My personal advice would be to focus your brand on something that has some more staying power than matcha green tea. If you focus on something more global, then your brand can stay intact as fads change, and you can change your products as time goes by.

Think about what’s important to you, that’s sellable, and that people would want on their garments.

Not just a topic

It’s important to understand that a niche is not just a topic you decide on. The more specific you get, the better results you’ll have. For example, rather than targeting “dads,” you can target “stay at home dads” or “dad bods.” For example this store has targeted “bad dads.”

The Bad Dad’s Club


Photo courtesy of

115 Niche Ideas to Inspire Your Next Online Store

We’ve put together 115 topics that you can use to base your niche upon. You might consider combining two topics to create an ultra-specific niche, or building on one topic. For example, you could combine world travelers with coffee lovers to have a very specific target audience.


Photo courtesy of

    Photo courtesy of

1. Any dog breed
2. Any cat breed
3. Horses
4. Birds
5. Uncommon house pets (otters, hedgehogs, etc.) that people are proud to have

Fantasy & Mythology

6. Unicorns
7. Nerd Culture
8. Elves
9. Greek & Roman mythology
10. Egyptian mythology


Photo courtesy of

Photo courtesy of

11. Dying languages
12. Your heritage-based designs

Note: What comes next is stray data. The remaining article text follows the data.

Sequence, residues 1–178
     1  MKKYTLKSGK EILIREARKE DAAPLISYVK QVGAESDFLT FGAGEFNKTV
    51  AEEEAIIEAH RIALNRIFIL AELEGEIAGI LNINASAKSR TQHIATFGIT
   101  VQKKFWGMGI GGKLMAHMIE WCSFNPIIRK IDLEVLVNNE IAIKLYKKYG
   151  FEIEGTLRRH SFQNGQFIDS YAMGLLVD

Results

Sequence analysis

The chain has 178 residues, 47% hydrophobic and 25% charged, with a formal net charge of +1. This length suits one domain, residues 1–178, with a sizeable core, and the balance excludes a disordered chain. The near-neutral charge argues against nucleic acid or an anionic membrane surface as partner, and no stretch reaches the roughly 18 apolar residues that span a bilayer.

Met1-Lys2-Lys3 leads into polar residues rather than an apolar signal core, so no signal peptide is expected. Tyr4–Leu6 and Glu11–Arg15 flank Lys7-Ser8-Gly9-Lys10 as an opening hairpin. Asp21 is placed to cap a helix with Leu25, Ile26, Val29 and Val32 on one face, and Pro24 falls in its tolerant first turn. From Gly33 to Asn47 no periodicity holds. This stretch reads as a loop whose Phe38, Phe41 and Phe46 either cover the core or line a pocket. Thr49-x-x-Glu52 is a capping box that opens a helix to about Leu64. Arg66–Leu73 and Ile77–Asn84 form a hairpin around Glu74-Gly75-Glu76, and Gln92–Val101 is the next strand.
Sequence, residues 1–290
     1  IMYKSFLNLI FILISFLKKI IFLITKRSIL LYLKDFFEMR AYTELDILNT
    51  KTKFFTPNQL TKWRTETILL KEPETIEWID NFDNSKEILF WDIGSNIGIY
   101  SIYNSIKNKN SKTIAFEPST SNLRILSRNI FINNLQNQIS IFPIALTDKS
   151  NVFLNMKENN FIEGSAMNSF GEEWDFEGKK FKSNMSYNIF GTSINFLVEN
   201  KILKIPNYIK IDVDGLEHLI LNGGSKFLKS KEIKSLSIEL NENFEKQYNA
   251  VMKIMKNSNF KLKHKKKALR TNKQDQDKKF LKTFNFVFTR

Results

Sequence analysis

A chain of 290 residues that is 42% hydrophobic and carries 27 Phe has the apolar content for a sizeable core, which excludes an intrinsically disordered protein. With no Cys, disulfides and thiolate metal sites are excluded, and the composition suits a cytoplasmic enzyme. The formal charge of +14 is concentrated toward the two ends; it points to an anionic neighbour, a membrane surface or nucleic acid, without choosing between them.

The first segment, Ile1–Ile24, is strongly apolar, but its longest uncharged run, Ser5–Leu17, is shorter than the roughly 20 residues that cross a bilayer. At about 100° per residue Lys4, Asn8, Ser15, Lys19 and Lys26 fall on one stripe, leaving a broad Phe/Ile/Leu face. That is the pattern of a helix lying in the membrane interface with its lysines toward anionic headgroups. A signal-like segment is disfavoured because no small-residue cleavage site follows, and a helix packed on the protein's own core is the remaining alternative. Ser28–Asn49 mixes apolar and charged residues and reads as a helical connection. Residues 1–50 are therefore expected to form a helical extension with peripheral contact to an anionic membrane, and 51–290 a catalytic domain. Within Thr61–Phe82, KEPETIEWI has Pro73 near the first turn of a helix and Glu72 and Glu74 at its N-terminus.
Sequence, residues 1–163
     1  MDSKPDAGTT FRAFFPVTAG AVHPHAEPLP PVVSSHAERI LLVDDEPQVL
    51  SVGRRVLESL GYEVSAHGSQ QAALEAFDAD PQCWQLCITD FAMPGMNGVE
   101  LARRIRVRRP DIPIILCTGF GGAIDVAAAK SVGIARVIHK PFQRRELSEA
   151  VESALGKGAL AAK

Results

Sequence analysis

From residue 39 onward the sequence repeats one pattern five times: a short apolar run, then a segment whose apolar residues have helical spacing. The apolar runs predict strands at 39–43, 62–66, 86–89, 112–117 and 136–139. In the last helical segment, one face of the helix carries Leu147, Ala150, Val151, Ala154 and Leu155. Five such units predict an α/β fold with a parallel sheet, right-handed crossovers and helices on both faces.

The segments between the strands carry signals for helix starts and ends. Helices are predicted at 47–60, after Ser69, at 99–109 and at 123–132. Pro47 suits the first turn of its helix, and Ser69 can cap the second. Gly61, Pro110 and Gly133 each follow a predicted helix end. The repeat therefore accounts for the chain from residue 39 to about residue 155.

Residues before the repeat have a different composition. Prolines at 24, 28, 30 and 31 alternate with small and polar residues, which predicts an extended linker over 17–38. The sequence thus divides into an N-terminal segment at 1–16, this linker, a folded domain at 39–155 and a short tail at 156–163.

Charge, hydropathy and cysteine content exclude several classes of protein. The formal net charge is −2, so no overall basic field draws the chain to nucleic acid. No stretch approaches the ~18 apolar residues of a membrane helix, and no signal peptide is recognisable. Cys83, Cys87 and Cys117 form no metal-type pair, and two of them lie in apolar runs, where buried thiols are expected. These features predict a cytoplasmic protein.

13. Flags
14. Patriotism-based designs
15. National symbols


16. Any occupation (ex. positive dentist)
17. Teachers
18. Firefighters
19. Medical workers (family members, etc. my daughter is a nurse)
20. Entrepreneur
21. Large corporation employees (ex. Walmart employees, Meijer employees, Facebook employees, McDonald’s employees)
22. Freelancers
23. Developers/ programmers
24. Designers
25. Startup employees
26. Biologists
27. Ornithologists
28. Sciences
29. Artists

Family Roles

Photo courtesy of

Photo courtesy of

30. Mom-boss/ mom-preneurs
31. Single dads
32. Aunts/uncles
33. Godparents
34. Grandparents
35. Sibling love
36. Twins
37. Custom family trees
38. Newlyweds
39. Young mothers/parents
40. Expecting parents

Uncommon Skills

41. Left-handed people
42. Underrepresented sports
43. Male dancer
44. Female programmers


45. Whiskey
46. Craft brews
47. Wine
48. Coffee


Photo courtesy of

Photo courtesy of

49. Any type of cuisine
50. Food trends
51. Vegan/gluten-free/vegetarian
52. Junk food
53. Chocolate
54. Cheese


Photo courtesy of

Photo courtesy of

55. Landmarks
56. Maps (city maps, subway maps, favorite route maps)
57. Airports
58. Architecture
59. Climates (tropical, desert, mountain themes)